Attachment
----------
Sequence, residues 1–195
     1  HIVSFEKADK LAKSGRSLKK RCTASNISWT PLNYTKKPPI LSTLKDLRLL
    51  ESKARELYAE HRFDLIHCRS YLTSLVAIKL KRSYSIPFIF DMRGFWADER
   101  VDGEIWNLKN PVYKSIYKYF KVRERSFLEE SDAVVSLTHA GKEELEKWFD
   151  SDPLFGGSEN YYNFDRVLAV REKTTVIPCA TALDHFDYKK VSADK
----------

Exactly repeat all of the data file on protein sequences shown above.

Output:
Sequence, residues 1–195
     1  HIVSFEKADK LAKSGRSLKK RCTASNISWT PLNYTKKPPI LSTLKDLRLL
    51  ESKARELYAE HRFDLIHCRS YLTSLVAIKL KRSYSIPFIF DMRGFWADER
   101  VDGEIWNLKN PVYKSIYKYF KVRERSFLEE SDAVVSLTHA GKEELEKWFD
   151  SDPLFGGSEN YYNFDRVLAV REKTTVIPCA TALDHFDYKK VSADK